When the book goes to the printer, I will post the source code on the Wintellect website.


13 Comments

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    Brian Hartung October 21, 2012 11:33 AM

    As many times as I've read them, your book and Russinovich et al's book are on my auto-order list every time a new edition comes out. Thanks for sticking with this for so many years and I'm looking forward to reading the new content.

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    O.D. October 21, 2012 2:57 PM

    Looking forward the new edition of this great book!
    Do you have plans to write next edition of Windows via C/C++ in point of Windows 8?

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    Patrick Smacchia October 22, 2012 4:08 AM

    Congratulation Jeffrey! CLR via C# previous version was already a masterpiece, a must-have for any serious .NET programmer, and this is great that you upgraded the content.

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    Mue November 23, 2012 2:17 AM

    It would be great if this edition would be translated to german. 2nd edition was the last published in german...
    Really informative and helpful book. Thank you. :)

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    Vaseem December 6, 2012 4:08 PM

    It is a pleasant surprise, you wrote a book again ! In reference to the forward of 3rd edition, we all lost hope that CLR via C# 4.0 edition will never come. Happy to have you covering the latest stuff. Keep going :)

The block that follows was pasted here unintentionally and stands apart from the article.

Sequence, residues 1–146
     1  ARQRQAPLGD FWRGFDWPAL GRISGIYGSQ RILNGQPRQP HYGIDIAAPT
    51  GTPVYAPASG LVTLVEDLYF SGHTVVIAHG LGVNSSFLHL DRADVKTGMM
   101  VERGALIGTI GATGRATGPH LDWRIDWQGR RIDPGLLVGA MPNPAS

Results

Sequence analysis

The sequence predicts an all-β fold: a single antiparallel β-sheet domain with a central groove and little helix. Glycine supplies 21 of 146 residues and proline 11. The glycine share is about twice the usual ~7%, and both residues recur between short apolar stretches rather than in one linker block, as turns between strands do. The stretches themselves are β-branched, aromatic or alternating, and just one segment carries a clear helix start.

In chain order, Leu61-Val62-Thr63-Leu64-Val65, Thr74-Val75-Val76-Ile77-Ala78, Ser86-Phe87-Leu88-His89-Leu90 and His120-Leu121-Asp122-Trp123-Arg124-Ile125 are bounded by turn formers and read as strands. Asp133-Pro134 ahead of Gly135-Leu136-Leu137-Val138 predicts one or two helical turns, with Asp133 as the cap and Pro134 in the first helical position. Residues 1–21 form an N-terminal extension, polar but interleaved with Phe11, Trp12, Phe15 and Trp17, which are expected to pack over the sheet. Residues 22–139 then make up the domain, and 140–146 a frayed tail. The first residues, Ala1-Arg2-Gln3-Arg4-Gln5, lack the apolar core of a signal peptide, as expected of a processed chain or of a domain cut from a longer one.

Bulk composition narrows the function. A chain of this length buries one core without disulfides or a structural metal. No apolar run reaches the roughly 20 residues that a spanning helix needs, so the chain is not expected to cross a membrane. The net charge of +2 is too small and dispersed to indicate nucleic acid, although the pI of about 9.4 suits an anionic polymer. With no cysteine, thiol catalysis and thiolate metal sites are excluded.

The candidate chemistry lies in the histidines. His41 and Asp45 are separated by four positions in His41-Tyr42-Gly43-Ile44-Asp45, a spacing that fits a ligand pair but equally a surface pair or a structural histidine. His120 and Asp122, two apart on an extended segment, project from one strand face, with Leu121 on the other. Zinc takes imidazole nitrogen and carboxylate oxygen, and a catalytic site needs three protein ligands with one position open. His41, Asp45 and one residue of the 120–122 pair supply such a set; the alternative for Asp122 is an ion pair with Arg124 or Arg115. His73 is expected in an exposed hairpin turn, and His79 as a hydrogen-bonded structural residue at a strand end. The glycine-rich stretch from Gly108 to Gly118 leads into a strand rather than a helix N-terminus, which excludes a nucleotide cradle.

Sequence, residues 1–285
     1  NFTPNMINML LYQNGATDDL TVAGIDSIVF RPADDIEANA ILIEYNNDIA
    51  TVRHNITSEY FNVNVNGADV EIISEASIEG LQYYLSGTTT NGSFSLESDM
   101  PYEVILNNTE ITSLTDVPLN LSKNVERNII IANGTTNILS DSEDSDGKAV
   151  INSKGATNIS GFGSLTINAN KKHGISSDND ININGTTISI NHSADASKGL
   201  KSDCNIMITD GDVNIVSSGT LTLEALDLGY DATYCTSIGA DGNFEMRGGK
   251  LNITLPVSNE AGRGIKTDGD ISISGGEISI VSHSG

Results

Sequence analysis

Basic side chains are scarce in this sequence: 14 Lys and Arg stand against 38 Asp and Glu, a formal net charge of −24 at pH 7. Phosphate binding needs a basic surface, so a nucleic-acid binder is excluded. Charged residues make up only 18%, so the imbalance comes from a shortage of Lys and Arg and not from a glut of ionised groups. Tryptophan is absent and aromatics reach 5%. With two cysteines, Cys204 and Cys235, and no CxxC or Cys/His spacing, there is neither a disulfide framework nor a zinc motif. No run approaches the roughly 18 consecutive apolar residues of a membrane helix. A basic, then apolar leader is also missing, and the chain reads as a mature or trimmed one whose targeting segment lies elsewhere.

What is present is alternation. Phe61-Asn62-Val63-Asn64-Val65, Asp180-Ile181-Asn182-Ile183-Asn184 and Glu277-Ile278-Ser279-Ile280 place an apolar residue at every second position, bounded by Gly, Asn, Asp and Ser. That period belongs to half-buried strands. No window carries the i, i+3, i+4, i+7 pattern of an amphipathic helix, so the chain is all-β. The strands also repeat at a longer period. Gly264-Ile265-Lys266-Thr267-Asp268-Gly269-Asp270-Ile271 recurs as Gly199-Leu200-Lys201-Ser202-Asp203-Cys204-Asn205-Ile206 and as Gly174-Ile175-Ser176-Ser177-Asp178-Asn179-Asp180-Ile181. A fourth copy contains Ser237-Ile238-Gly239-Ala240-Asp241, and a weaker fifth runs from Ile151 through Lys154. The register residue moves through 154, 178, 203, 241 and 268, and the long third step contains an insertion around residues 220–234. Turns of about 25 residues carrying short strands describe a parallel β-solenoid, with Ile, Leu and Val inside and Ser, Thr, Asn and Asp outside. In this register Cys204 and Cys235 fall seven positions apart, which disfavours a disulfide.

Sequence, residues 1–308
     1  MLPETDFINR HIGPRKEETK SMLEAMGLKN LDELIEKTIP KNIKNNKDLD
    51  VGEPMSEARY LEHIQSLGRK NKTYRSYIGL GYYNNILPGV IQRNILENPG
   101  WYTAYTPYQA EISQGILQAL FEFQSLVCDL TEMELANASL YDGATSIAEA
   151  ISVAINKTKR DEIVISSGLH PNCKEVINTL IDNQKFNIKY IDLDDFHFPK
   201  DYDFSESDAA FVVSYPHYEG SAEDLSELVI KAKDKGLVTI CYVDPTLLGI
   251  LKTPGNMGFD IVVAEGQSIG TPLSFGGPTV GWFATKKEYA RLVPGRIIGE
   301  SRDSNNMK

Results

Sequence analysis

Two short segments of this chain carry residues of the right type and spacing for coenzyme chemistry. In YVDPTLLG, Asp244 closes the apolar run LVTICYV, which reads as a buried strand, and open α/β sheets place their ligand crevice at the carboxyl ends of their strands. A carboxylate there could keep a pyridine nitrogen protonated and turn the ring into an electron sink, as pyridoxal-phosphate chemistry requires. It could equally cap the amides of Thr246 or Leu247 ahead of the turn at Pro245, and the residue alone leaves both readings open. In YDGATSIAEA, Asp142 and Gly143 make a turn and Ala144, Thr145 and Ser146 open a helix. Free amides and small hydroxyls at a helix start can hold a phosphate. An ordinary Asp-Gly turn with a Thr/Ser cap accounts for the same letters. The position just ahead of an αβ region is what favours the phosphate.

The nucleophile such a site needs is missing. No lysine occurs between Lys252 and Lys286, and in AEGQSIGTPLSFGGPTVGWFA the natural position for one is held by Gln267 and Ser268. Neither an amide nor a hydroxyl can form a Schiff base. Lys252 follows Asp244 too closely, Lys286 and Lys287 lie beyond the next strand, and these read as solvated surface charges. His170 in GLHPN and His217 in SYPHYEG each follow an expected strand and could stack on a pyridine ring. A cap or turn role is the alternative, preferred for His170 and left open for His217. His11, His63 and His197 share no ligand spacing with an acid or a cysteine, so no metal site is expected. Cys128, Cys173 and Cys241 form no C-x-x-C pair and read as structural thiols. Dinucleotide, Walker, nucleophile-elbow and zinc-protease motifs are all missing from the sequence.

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    Will Montgomery December 12, 2012 1:48 PM

    A comment that I saw on StackOverflow, a peek using Reflector, and a test similar to your MethodInfo example all suggest that RuntimeTypeHandle doesn't use less heap than Type. I tried to paste the test code into this comment, but the comment system rejected it.

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    Pete R December 20, 2012 4:56 PM

    Try as I might, I have not been able to memorize my favorite and go-to .NET book, CLR via C# 3rd Edition. However, among the things that stuck in my mind for some reason was that in the foreword, your wife claimed this was it for books from her hubby! So imagine my surprise to discover at random today that a 4th edition was out. I hope this means this is *not* the end, but in either case I'm happy to support such great work and will get the new edition.